Laser hair removal is a cosmetic procedure that uses pulsed laser energy to remove unwanted hair from a targeted area, while leaving surrounding skin unharmed. Common areas on which laser hair removal is performed are the chin, upper lip, chest, underarms, back, bikini line and legs.
Although there are many temporary treatments, including tweezing, shaving, using depilatory creams and waxing, to remove unwanted hair, patients seeking more permanent and less irritating/painful methods are frequently good candidates for laser hair removal. Through what is a safe and usually painless procedure, hair can be removed from nearly any area of the body (the eye area is an exception because of the possibility of serious eye damage).
Because the laser beams used to remove hair target its melanin (pigment), the best candidates have dark hair and light skin. Conversely, those with blond, red, gray or white hair and dark skin are usually not good candidates. Recent technological advances have made laser hair removal for those with dark skin more successful, while techniques for using lasers to effectively remove light-colored hair are being investigated.
There are many benefits to having unwanted hair removed through the use of laser therapy. They include the following:
- Hair is precisely targeted
- Procedure is quick
- Results are permanent (for 90 percent of patients) or long-lasting
For many patients, laser hair removal is painless, although some experience minor discomfort, usually described as something like a rubber band's snapping against the skin.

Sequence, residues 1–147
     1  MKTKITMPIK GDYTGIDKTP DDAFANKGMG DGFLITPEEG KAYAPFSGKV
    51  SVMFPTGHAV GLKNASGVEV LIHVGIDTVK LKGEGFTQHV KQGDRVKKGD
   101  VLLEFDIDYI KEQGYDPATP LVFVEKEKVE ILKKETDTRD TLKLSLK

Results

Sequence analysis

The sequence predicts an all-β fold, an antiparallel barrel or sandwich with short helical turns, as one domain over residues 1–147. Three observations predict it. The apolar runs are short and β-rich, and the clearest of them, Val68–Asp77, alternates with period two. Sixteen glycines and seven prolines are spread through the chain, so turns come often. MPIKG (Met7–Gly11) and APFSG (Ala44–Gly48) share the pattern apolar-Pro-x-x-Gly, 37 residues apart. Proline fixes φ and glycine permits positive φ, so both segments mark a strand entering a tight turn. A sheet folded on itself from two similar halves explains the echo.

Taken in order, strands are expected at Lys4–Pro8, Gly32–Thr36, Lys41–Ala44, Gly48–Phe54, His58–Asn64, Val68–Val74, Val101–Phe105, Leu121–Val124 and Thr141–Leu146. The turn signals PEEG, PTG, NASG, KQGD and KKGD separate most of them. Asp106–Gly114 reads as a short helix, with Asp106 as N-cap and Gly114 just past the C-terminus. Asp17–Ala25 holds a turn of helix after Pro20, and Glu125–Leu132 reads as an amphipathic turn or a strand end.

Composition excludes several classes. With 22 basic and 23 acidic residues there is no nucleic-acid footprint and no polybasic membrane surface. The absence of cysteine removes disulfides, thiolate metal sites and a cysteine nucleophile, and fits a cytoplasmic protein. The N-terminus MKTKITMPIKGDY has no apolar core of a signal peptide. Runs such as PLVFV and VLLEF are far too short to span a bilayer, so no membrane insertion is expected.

Laser hair removal is performed while the target area is numbed by a topical anesthetic. A handheld device that emits intense laser pulses is moved across the area, focusing on individual hair follicles. There are several different methods of laser hair removal, some of which combine laser impulses with radiofrequency. The appropriate method for each patient is decided in consultation with the physician administering treatment.
Hair growth takes place cyclically, in three stages. The most effective laser hair removal takes place during the andogen (full-growth) stage, because the hair follicles in this stage are susceptible to laser energy. But, because all hair is not in the same stage of growth at any given time, several laser treatments, usually between three and five, spaced 4 to 8 weeks apart, are necessary. To some extent, the length of treatment depends on the texture of the patient's hair, and the location from which it is being removed.
Recovery from Laser Hair Removal
Some redness, soreness or swelling may occur immediately after laser hair removal, but they almost always disappear within a few days. Cold compresses or ice packs, moisturizers, and anti-inflammatory creams may minimize discomfort. Sun exposure should be avoided as much as possible for some period of time.
The most common complication of laser hair removal is the regrowth of the unwanted hair. Frequently, however, the hair that regrows is finer and lighter than the hair that was removed. Usually, regrowth can be addressed with a few additional treatment sessions. Other complications that may arise after laser hair treatment include skin irritation such as blistering and crusting; changes in pigmentation or texture of the skin; and scarring at the removal site.